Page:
Here are two words that often get used incorrectly: “principal” and “principle.”
“Principal” means the most important person or thing. It can be a noun (e.g., the principal of the school) or an adjective (e.g., the principal issue).
“Principle” is a noun that means a fundamental law or doctrine. (e.g., “It’s the principle of the thing.”)
How can you remember this? Two ways.
First, the principal – the “main” person at school – was supposed to be your friend or “pal.” (Whether or not that was the case is another matter.) So use the “pal” ending whenever referring to the “main” person or thing.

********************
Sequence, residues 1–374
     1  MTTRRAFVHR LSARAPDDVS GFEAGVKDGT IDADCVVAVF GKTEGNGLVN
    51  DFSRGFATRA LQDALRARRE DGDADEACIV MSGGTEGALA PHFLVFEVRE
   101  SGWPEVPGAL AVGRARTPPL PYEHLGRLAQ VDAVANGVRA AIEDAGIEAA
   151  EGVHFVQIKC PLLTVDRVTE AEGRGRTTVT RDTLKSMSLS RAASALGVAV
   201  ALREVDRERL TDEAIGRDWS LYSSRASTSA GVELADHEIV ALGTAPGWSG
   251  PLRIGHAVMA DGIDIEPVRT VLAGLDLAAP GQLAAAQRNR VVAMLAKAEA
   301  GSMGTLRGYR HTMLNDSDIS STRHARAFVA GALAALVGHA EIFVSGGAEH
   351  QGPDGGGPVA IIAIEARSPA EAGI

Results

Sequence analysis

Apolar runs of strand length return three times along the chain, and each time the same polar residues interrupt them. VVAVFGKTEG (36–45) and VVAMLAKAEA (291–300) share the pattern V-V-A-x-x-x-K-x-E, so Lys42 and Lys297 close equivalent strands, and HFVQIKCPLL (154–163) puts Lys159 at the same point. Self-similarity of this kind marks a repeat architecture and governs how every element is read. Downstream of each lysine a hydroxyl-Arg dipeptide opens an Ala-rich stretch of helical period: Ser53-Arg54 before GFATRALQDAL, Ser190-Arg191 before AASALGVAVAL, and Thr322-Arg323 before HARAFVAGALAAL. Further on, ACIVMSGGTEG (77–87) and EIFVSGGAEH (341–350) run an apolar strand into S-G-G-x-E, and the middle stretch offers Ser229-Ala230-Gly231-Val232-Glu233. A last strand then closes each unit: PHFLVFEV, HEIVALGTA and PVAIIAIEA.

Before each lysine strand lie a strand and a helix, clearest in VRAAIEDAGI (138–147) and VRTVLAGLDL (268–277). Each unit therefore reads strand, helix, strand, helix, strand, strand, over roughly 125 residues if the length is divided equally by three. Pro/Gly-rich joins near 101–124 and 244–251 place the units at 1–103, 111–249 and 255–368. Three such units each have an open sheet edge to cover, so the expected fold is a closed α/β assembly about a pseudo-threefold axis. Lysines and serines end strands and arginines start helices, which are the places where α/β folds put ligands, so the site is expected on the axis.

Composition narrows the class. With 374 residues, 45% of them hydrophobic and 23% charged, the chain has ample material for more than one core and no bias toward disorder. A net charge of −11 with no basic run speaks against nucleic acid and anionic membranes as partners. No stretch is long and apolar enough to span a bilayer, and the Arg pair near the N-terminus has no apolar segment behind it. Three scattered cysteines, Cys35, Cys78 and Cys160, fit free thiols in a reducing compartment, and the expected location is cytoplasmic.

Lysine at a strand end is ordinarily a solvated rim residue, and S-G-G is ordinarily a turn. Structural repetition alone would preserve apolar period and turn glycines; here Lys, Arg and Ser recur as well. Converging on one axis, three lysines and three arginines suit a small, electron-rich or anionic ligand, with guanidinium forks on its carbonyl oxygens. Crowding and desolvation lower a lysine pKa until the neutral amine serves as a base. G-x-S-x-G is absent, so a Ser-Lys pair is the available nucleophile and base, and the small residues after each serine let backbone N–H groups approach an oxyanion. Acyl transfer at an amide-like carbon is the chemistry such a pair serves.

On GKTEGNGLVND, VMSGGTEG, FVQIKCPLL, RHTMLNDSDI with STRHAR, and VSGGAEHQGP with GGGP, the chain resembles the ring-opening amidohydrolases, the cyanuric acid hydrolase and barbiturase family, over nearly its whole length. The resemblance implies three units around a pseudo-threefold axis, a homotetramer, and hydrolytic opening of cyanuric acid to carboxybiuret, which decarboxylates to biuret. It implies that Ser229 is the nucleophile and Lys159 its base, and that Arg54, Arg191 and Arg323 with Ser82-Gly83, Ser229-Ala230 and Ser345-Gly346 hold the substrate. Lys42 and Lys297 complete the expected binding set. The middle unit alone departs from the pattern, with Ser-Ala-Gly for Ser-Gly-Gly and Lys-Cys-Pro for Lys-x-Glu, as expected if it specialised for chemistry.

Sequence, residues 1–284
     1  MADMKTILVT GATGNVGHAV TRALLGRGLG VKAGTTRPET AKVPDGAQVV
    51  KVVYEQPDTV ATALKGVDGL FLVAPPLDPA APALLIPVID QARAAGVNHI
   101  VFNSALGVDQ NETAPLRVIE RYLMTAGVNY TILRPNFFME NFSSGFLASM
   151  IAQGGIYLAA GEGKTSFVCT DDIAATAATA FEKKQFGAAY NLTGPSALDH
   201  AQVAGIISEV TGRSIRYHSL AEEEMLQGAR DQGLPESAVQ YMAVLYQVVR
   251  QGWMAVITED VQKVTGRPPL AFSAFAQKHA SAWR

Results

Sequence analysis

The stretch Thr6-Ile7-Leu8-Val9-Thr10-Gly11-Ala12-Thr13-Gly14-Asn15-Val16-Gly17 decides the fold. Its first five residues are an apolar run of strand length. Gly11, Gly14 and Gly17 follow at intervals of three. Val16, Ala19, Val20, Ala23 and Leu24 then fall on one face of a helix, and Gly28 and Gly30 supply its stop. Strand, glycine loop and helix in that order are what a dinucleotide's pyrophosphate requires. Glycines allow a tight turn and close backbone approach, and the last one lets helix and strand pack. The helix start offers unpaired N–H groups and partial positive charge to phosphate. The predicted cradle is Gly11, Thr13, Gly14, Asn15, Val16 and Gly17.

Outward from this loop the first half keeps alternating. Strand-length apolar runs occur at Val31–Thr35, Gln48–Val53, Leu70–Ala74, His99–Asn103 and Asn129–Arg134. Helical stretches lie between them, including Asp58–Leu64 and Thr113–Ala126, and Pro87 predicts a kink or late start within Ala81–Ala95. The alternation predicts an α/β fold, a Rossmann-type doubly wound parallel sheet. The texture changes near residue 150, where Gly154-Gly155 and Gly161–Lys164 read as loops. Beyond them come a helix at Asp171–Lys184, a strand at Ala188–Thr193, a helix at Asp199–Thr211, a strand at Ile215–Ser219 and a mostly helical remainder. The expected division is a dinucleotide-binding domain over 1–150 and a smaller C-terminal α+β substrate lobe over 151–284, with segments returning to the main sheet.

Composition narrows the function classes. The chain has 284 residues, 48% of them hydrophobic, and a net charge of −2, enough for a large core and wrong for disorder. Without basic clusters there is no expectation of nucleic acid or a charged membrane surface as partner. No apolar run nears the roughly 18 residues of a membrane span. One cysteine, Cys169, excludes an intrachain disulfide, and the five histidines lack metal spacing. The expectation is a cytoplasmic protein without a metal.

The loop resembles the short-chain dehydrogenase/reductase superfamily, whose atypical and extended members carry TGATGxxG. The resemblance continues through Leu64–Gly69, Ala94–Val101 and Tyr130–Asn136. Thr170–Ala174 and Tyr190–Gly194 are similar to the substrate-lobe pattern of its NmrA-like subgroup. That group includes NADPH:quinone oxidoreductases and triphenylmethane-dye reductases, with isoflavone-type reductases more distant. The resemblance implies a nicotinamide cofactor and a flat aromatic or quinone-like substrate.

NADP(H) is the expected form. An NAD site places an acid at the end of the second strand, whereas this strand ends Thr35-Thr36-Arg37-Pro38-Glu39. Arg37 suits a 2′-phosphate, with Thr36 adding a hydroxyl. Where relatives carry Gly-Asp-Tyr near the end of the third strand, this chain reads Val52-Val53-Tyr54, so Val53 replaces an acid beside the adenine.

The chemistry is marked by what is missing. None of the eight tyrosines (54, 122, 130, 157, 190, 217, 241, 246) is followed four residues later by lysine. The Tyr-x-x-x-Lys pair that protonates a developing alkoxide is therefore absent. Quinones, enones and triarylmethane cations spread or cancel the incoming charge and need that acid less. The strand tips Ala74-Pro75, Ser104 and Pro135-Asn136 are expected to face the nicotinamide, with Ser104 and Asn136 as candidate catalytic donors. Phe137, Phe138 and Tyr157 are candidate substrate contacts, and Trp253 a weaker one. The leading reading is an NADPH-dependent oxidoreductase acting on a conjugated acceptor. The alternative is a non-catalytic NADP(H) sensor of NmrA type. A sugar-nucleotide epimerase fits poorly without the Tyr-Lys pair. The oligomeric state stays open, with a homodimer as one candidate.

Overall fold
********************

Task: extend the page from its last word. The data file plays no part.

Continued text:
Also, note that “principle” is only a noun. It is not an adjective. (“Principled” can be used as an adjective, but seldom is.) So if you want to modify a noun, use “principal.”
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Susan Monroe says
These two words are often confused and often by those who should know better. “Effect” and “affect” are two words that are misused a lot.
And while I”m at it, a petite rant. If one wants to add information to something, one “fleshes it out.” Too often, I see “flush it out,” which has another meaning entirely.